• What are the essential factors of success in terms of user acceptance and adoption? 
  • How are threats and risks evolving with the identity landscape? 
  • What are the key considerations for ensuring the credibility of data processing? 
  • How can or should the relative capacities of different systems architectures be assessed? 
  • What is the impact of self-sovereign identity (SSI) on the trustworthiness of the identity lifecycle? 
  • What are the considerations for openness, transparency and explainability of automated and AI based identity management? 
  • How should cultural and socio-economic differences influence systems design? 

Submissions are welcome across the following four categories with sample topic areas outlined to guide but not necessarily limit the scope. 

Systems and architecture Governance and risk Privacy preserving techniques  Socio-political considerations
  • Identity and access management 
  • User consent/control 
  • Decentralised identity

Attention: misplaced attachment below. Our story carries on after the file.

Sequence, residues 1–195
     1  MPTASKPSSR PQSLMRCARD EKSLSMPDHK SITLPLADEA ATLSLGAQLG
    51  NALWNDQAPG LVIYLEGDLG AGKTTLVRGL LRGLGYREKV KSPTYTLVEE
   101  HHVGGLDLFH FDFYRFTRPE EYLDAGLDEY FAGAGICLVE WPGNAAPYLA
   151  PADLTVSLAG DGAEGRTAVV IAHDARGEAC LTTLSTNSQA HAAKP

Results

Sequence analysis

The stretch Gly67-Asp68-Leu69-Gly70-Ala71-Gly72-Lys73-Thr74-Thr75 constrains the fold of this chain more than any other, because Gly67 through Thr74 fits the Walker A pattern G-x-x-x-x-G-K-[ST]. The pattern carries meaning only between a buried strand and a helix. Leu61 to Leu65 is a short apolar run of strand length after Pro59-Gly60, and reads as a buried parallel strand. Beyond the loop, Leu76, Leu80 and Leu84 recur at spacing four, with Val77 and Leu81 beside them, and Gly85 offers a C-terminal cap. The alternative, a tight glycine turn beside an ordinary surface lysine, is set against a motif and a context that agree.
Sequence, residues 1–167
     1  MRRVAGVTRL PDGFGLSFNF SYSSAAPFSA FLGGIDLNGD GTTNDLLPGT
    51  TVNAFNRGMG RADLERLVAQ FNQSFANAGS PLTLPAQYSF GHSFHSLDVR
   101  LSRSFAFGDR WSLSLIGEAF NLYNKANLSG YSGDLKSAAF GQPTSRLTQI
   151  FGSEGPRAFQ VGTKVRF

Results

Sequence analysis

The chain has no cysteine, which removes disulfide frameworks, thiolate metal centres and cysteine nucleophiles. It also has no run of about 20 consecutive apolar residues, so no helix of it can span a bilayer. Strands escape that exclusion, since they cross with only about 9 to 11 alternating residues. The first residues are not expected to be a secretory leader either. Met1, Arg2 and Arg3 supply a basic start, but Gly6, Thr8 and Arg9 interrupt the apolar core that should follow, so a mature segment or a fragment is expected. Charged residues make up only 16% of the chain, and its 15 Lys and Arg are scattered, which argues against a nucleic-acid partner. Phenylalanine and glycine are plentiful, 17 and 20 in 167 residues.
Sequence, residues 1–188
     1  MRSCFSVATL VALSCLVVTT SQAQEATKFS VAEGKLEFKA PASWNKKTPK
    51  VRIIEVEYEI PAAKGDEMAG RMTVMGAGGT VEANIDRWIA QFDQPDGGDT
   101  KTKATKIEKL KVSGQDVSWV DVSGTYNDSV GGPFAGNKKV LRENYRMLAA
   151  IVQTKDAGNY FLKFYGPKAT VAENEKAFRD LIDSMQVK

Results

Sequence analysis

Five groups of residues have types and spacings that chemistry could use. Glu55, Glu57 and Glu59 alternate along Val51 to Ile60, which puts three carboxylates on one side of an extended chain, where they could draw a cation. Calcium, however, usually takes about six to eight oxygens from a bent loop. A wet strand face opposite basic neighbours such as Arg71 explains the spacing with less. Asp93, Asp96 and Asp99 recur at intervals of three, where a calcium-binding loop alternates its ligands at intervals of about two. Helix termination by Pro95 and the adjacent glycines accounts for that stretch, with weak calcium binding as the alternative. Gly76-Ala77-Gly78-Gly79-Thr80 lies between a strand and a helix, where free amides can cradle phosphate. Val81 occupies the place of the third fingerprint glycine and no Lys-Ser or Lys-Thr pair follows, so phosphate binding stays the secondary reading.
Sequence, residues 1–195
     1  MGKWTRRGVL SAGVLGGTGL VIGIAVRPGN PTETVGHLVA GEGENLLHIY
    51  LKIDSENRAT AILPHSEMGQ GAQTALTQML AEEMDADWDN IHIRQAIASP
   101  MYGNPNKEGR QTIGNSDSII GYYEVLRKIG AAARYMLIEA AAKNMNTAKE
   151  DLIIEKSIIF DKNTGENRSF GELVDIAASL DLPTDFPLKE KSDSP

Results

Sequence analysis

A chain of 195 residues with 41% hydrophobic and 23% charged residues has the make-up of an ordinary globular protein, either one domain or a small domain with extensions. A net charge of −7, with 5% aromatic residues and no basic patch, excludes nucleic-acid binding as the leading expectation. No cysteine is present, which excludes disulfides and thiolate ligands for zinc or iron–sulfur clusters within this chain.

• Applying biometrics 
  • Sustainable systems design
  • Measurement and experience with ID system failures  
  • Threats 
  • Combating fraud 
  • Cross-border interoperability 
  • Governance risk, and compliance 
  • Credibility of data processing 
  • Ethical machine learning  
  • Data sources and identity data generation   
  • Zero trust authentication and access management 
  • Zero knowledge proofs 
  • Differential privacy 
  • Secure multi-party computation 
  • Privacy enhancing technologies (PETS)
  • UX design for ID technologies
  • Federated identity systems  
  • Inclusion and diversity 
  • Cultural considerations 
  • Low-tech environments
  • Infrastructure challenges 
  • Inclusion/exclusion and identity technologies  

 

How to submit your abstract